if the Company’s 10-day volume weighted average price (“VWAP”) Calculation is less than $1.25 per share, the Olinghouse Purchase Price shall be paid in cash; or
     
  if the Company’s 10-day VWAP Calculation is more than $1.25 per share, the Olinghouse Purchase Price shall be paid in the form of 2,000,000 Shares of the Company’s common stock.

 

On December 23, 2022, the Company and Target agreed to extend the Olinghouse Purchase Option for an additional one-year term, expiring on December 17, 2023, for a one-time cash payment of $40,000. In December of 2023, in accordance with Article 3 of the Olinghouse Agreement, the Company notified Target that the Company intends to exercise its option to acquire the 1% production royalty on the Olinghouse Project. As of the date of these financial statements, the Company has not received the Royalty deed. The Company intends to make the final option payment once it received fully executed Royalty deed from Target.

 

F-14
 

 

During the year ended December 31, 2023, the Company did not incur any exploration costs associated with the Olinghouse Project.

 

Palmetto Project

 

On January 27, 2022, Nevada Canyon, LLC entered into a Royalty Purchase Agreement with Smooth Rock Ventures, LLC, a wholly-owned subsidiary of Smooth Rock Ventures Corp. (“Smooth Rock”), to acquire a 2% net smelter returns royalty on the Palmetto Project. Alan Day, the Company’s CEO, President, and director, is also a director and CEO of Smooth Rock.

 

To acquire the 2% NSR on the Palmetto Project, Nevada Canyon agreed to pay Smooth Rock a one-time cash payment of $350,000, which was paid on February 7, 2022.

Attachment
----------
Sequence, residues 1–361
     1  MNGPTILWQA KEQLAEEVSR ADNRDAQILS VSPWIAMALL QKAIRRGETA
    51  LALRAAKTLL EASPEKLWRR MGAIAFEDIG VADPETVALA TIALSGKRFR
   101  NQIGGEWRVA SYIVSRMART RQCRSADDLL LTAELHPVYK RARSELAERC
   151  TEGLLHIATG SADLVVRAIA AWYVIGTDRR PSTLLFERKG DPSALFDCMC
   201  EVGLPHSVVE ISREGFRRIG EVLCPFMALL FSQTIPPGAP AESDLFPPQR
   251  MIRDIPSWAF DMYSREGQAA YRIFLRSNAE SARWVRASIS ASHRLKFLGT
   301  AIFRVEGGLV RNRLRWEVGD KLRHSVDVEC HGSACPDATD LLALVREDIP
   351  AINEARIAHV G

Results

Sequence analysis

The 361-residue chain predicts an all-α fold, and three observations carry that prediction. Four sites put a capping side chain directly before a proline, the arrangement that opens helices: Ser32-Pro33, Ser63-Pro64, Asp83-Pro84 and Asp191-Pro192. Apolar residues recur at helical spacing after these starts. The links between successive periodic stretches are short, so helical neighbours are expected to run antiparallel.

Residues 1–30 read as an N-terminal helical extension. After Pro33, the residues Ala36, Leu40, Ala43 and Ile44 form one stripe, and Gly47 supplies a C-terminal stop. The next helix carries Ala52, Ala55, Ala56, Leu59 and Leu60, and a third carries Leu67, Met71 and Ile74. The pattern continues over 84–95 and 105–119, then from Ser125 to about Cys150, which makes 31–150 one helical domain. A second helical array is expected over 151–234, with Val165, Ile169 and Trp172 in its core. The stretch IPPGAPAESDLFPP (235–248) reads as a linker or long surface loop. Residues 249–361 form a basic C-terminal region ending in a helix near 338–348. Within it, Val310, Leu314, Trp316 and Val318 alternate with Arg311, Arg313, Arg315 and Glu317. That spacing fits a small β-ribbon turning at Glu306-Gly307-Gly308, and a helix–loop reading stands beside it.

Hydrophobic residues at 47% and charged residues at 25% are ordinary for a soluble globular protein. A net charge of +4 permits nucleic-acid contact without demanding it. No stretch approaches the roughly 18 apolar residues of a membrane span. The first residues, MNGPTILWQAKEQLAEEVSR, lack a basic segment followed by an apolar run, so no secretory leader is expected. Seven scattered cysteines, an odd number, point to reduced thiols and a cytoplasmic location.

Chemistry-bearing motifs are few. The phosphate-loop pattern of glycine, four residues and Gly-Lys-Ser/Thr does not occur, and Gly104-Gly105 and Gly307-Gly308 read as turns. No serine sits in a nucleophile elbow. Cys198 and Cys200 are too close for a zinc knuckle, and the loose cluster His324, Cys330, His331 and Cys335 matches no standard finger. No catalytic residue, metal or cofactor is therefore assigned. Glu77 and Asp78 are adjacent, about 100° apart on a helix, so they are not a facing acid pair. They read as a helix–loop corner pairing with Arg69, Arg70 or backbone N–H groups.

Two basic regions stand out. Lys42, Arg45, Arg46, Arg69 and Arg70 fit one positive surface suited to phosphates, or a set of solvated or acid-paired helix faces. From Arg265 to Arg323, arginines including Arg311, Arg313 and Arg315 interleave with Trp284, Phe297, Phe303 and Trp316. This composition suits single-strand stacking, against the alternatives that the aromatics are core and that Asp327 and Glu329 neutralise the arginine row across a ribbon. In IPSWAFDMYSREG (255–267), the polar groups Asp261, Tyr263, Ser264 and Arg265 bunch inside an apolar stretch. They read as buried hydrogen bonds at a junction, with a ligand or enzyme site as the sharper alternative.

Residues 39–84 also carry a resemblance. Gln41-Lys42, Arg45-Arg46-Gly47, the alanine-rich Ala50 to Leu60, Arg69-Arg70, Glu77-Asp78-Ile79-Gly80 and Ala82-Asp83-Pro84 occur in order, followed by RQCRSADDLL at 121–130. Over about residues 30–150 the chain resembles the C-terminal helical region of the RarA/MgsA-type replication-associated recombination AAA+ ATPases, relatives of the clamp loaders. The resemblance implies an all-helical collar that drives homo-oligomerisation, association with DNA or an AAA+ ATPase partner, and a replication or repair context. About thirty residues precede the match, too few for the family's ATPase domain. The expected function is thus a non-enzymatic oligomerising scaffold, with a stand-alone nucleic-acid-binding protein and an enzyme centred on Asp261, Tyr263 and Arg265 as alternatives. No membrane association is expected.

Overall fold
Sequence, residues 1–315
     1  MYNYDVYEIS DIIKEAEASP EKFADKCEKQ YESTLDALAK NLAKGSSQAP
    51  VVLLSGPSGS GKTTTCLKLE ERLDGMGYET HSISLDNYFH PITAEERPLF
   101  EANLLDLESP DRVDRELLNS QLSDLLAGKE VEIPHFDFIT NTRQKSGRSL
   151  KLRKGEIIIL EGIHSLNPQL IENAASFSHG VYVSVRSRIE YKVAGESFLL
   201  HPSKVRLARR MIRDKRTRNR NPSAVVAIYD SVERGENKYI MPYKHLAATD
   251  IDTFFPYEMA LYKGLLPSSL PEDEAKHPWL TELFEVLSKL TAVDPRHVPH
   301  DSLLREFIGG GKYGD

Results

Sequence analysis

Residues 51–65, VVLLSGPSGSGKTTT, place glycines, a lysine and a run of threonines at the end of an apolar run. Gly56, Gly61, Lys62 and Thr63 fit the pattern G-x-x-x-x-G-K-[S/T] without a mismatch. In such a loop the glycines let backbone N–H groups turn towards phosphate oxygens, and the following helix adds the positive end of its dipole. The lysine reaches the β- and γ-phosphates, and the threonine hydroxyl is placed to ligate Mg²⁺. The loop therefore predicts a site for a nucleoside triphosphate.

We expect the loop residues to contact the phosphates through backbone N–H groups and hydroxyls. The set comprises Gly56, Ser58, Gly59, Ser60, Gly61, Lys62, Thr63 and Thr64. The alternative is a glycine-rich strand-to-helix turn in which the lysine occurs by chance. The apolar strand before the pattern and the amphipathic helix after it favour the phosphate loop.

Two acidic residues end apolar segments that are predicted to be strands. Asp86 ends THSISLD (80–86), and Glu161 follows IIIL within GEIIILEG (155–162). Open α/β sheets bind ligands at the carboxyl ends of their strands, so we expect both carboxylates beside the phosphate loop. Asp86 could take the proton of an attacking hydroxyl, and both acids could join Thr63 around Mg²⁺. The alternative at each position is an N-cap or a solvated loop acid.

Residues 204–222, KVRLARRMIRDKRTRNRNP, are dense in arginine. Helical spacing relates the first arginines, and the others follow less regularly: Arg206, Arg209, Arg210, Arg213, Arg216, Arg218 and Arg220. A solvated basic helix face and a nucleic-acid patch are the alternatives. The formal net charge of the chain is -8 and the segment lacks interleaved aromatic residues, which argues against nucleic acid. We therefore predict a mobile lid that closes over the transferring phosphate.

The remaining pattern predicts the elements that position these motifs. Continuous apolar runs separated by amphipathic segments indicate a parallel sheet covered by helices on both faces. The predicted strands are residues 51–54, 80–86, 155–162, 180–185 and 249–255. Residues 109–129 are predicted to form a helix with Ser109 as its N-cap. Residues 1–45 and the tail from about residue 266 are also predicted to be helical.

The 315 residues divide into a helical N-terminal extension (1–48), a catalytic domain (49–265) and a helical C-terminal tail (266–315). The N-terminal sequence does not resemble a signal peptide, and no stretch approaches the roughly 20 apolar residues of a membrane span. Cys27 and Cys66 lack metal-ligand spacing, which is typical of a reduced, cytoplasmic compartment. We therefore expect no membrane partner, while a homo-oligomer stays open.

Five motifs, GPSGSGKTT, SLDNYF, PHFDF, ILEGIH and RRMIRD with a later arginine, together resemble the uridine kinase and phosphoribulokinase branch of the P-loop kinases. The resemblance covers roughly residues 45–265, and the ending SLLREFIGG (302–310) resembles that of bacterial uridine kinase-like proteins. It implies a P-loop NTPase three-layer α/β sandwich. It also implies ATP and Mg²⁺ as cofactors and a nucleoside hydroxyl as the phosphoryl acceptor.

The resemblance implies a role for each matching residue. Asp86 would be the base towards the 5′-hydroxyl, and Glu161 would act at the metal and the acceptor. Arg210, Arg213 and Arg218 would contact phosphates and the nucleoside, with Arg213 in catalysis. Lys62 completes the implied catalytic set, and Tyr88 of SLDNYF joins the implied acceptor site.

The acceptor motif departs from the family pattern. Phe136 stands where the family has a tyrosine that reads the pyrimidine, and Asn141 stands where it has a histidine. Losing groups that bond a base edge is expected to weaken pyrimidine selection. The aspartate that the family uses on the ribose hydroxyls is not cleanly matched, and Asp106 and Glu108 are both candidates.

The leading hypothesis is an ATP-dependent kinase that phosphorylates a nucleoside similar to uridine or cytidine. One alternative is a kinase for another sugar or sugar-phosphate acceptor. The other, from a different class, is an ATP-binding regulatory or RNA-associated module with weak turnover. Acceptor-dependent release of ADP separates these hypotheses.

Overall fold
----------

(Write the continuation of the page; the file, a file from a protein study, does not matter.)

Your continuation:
During the years ended December 31, 2023 and 2022, the Company did not incur any additional expenses associated with the Palmetto Project.

 

NOTE 5 – INVESTMENT IN EQUITY SECURITY

 

As at December 31, 2023 and 2022, the Company’s equity investment consists of 511,750 common shares of Walker River Resources Corp. (“WRR”).

 

At December 31, 2023 and 2022, the fair value of the equity investment was $56,105 and $156,805, respectively, based on the trading price of WRR Shares at December 31, 2023 and 2022. Fair value is measured using Level 1 inputs in the fair value hierarchy. During the year ended December 31, 2023 the revaluation of the equity investment in WRR resulted in a $100,700 loss on the change in fair value of the equity investment (December 31, 2022 - $241,513 gain).

 

The Company did not sell any WRR Shares during the year ended December 31, 2023. During the year ended December 31, 2022, the Company sold 1,171,083 WRR Shares for net proceeds of $614,656. The Company recorded a net realized gain of $211,530 on the sale of WRR Shares.

 

NOTE 6 – STOCKHOLDERS’ EQUITY

 

The Company was formed with one class of common stock, $0.0001 par value, and is authorized to issue 100,000,000 common shares and one class of preferred stock, $0.0001 par value, and is authorized to issue 10,000,000 preferred shares. Voting rights are not cumulative and, therefore, the holders of more than 50% of the common stock could, if they chose to do so, elect all of the directors of the Company.

 

Equity transactions during the year ended December 31, 2023

 

Units issued under offering statement on Form 1-A

 

During the year ended December 31, 2023, the Company issued a total of 12,499,343 units of its common stock pursuant to its offering statement on Form 1-A (the “Offering”). Each unit is comprised of one common share, and one common share purchase warrant to purchase one additional common share at an exercise price of $1.20 per Warrant Share, expiring 24 months from the issuance date.